When we interpret some data or fact in the natural and social sciences ordinarily we will clearly pre-suppose a number of theories when we make interpretations of the facts.
But the standard theories we presuppose in either the natural sciences and social sciences have already been justified empirically, by experience, inductive argument and inference to the best explanation (which is just another non-deductive, or inductive form of reasoning) by long debates and arguments in philosophy or in the natural and social sciences too.
At the most basic level, there are all sorts of theories we do have about the world in which we exist and we make when we do natural and social sciences (including economics), such as the following:
(1) the real existence of other human minds;And of course we can keep listing such theories too as we move from natural science to the social sciences. (And note I use the word “theory” in the sense of a hypothesis that has been confirmed or justified by evidence.)
(2) the real existence of an external world of matter and energy that is the causal origin of our sensory data (= an indirect realist ontology);
(3) that the past had real existence (and is not some figment of our imagination);
(4) the existence of a set of physical and chemical laws that have been discovered by the natural sciences that account for the order and nature of the universe;
(5) the view that our earth is about 4.54 billion years old;
(6) the view that all livings things on our earth are the product of a Darwinian process of evolution by natural selection (and, if one wants to be technical, also by (i) sexual selection and (ii) artificial selection by humans);
(7) the human mind is the product of the physical activity of the brain, and so on.
Theories (1) to (3) belong to the philosophical sub-disciplines we call ontology and epistemology. The theory that other human minds really exist and that an external world exists can only be justified empirically by inductive argument by analogy and inference to the best explanation. There are no a priori or deductive arguments that can establish the necessary truth of these ideas. In fact, you cannot prove they are necessarily true at all: they are synthetic a posteriori propositions whose truth is extremely probable at best, and we know this only by experience, induction or inference to the best explanation.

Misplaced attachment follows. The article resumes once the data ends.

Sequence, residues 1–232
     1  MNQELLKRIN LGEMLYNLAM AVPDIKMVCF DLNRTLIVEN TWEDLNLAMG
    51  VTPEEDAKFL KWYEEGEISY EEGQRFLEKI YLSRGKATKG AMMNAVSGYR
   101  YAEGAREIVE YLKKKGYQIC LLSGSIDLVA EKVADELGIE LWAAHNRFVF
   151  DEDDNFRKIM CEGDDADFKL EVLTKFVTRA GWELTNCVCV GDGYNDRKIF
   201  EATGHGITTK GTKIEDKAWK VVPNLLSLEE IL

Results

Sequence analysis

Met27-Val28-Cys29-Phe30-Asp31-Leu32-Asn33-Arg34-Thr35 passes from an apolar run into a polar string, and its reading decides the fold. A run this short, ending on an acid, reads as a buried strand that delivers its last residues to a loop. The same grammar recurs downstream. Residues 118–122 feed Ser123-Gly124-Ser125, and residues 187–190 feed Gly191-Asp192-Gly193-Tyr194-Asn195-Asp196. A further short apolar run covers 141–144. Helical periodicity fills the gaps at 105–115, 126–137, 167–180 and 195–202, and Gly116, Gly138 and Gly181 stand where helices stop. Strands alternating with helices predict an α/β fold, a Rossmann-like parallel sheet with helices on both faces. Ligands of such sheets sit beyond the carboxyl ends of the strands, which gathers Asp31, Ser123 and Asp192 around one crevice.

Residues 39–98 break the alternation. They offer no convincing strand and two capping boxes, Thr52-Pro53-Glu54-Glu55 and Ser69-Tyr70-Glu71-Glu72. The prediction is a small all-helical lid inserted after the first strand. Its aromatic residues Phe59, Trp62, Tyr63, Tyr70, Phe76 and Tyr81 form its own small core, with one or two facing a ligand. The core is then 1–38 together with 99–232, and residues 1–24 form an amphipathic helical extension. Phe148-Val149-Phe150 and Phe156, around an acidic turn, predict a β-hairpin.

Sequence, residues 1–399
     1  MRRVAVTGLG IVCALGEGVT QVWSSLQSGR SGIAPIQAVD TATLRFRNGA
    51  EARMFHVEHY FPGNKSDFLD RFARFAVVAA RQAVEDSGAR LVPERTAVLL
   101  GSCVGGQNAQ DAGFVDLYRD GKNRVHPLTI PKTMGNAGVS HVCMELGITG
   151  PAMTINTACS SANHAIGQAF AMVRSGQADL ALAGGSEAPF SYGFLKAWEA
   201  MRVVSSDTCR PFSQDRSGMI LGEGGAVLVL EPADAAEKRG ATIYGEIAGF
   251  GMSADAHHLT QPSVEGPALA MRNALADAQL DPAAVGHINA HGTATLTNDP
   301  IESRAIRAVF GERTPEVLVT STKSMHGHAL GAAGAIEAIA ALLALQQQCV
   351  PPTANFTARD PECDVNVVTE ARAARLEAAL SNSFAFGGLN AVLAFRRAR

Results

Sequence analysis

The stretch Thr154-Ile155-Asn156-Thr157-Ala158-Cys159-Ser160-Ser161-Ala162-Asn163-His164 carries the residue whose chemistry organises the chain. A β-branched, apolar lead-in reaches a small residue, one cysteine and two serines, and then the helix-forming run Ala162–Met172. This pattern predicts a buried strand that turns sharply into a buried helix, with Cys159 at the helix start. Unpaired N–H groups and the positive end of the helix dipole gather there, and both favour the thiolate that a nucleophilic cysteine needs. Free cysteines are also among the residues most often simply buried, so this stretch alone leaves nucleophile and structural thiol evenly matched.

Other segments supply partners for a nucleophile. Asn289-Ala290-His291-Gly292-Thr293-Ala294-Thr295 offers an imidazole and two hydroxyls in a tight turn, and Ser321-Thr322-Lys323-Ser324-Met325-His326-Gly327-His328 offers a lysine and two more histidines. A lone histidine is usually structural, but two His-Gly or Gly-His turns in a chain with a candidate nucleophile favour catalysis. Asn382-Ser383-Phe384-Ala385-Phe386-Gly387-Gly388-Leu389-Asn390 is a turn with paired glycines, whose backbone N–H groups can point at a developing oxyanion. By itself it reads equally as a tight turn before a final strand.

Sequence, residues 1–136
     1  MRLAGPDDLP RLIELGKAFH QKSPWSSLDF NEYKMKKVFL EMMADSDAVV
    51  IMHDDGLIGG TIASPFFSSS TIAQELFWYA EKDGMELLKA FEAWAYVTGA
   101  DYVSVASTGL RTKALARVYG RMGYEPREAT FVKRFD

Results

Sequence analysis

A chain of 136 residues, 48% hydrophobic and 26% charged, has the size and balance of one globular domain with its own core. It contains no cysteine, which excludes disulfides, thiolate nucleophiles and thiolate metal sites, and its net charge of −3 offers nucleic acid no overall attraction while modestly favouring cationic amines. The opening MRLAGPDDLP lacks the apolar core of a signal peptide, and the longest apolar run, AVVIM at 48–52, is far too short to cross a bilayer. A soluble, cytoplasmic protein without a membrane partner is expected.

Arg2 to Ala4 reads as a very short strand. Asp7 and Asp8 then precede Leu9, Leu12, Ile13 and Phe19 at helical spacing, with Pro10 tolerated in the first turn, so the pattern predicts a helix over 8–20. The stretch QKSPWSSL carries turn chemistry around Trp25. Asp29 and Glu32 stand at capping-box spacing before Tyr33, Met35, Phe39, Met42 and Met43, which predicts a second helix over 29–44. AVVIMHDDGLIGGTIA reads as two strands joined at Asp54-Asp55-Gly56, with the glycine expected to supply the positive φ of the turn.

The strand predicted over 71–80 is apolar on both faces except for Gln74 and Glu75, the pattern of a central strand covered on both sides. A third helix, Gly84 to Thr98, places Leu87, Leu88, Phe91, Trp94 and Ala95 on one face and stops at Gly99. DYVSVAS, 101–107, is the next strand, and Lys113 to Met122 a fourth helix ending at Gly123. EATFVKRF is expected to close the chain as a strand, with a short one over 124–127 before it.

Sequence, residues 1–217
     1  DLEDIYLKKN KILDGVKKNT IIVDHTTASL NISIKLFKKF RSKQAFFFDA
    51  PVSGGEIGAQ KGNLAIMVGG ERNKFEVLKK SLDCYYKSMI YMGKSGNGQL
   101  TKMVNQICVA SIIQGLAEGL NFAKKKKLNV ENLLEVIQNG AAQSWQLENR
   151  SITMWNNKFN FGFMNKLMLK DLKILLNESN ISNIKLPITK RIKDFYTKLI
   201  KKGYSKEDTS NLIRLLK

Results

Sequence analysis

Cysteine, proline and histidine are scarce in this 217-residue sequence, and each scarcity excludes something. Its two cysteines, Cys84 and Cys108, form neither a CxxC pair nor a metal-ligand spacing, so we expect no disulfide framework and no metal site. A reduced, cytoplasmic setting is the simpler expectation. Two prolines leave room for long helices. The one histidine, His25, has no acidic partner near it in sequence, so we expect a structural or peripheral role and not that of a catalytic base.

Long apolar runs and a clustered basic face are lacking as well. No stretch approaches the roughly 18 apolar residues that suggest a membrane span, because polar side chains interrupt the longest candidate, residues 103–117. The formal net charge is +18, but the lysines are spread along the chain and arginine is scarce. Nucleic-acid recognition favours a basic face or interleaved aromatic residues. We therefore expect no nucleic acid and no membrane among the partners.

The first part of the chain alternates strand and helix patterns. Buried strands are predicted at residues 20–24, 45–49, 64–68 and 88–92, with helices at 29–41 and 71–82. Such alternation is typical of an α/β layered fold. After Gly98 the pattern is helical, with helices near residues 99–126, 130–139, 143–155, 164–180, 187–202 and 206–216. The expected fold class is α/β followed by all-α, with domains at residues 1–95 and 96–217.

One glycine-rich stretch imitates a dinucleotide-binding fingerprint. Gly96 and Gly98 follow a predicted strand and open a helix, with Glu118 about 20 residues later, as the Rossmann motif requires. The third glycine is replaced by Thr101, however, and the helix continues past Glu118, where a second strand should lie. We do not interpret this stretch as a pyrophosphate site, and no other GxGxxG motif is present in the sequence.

Exactly the same thing can be said of propositions (4) to (7): these are empirical propositions of the natural sciences that are synthetic a posteriori: their truth is extremely probable at best and is confirmed by experience, induction or inference to the best explanation.
We could continue listing “prior” theories that a social scientist like an economist assumes when interpreting some data or facts, but we would also find that these too are nothing but empirical propositions whose truth can be believed because we have good empirical evidence to do so. We will also encounter useful concepts that are formulated to categorise and classify objects and phenomena in the world which are analytic a priori (or true by definition because we define them in such-and-such a way). While this does presuppose a further type of “theory” when looking at data or facts, the ultimate test of whether a system of analytic classifications and definitions is useful and appropriate is how well it can classify and describe the world, so the actual justification for its use is not divorced from empiricism.